Another 5 valve Euphonium !

Discussion in 'The Rehearsal Room' started by Highams, Mar 24, 2003.

  1. Highams

    Highams Member

    I have just purchased another 5 valve euphonium to add to my collection.

    Like my other 5 valve, it is made by Josef Highams of 127 Strangeways, Manchester, it is dated 1902, and in silver plate.

    There are 2 slides missing and the 4th. valve needs a cap & stem, but otherwise it's in very good condition.

    I purchased this just from a description, without seeing a photograph, thinking it would be very similar to my other model and was most surprised at the 'Sax' design, where all the tubing is below the valve line. This is very much like the style of the Besson Prototypes.

    Here, however, the bottom bow extends all the way around and a quarter of the way to where most bells start and are attached !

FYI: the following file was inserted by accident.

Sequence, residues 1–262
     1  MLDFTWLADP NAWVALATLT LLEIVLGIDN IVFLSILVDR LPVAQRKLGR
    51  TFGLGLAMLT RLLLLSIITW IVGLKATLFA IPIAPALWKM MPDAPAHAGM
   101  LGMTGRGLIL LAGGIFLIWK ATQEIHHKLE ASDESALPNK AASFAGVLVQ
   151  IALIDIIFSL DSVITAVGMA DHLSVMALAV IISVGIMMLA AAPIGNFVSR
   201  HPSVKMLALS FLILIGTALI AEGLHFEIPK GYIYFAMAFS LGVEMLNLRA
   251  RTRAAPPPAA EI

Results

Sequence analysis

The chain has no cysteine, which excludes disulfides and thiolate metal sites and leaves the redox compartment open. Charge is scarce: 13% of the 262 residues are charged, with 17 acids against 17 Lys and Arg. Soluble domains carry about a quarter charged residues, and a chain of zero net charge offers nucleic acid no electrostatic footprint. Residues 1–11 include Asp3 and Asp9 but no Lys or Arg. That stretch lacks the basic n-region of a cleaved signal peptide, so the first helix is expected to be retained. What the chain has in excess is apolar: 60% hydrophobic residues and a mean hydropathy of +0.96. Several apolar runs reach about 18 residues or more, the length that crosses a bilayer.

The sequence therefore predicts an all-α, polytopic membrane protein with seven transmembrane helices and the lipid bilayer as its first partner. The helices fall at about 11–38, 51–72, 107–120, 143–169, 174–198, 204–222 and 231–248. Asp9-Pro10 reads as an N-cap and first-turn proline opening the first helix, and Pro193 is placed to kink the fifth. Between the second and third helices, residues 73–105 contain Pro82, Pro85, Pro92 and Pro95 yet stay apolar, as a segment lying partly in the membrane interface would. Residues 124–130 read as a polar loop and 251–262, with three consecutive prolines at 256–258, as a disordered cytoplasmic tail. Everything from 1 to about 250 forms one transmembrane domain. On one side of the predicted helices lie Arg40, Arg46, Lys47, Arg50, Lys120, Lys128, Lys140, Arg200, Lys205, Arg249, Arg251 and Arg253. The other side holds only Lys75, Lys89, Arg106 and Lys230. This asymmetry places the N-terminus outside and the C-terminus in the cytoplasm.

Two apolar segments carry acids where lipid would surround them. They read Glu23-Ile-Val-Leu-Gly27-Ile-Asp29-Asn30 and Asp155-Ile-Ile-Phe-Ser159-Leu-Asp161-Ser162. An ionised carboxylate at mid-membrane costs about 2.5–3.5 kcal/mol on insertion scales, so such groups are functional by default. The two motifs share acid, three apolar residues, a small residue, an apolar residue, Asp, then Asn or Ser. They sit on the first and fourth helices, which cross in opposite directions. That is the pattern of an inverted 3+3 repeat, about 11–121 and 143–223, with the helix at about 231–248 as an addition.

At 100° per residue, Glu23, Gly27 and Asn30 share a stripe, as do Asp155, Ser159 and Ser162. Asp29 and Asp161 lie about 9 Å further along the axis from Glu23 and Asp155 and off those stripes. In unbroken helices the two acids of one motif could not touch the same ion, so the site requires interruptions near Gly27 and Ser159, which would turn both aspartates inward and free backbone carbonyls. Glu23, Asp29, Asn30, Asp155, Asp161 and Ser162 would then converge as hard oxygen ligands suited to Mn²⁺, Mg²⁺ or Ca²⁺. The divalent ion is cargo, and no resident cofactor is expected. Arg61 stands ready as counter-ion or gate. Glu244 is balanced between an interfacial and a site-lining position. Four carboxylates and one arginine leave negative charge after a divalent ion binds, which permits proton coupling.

This makes the bell extremely long and the whole instrument measures some 28" in length. Sitting close to your assistant player would be impossible.
  2. Straightmute

    Straightmute Active Member


    Would I be right in assuming that the fifth valve is an attempt to overcome the inherent intonation problems of the euphonium before the invention of compensating systems? Can't imagine there would be any need for an extended range at that period...

    Never seen one like that before! Given it's poor state, how does it play?

  3. Highams

    Highams Member

    Yes you are right.

    As the compensating system had been patented, various other brands offered alternatives. 5 valves at that time actually was a better idea as it offered so many combinations, and the air was direct through the instrument, not doubled back as in the compensating system.

    With 2 slides missing and a valve needing a stem, I can't blow it yet, but I hope it wont be too long.

    My other Highams plays like a dream !
  4. TheMusicMan

    TheMusicMan tMP Founder Staff Member

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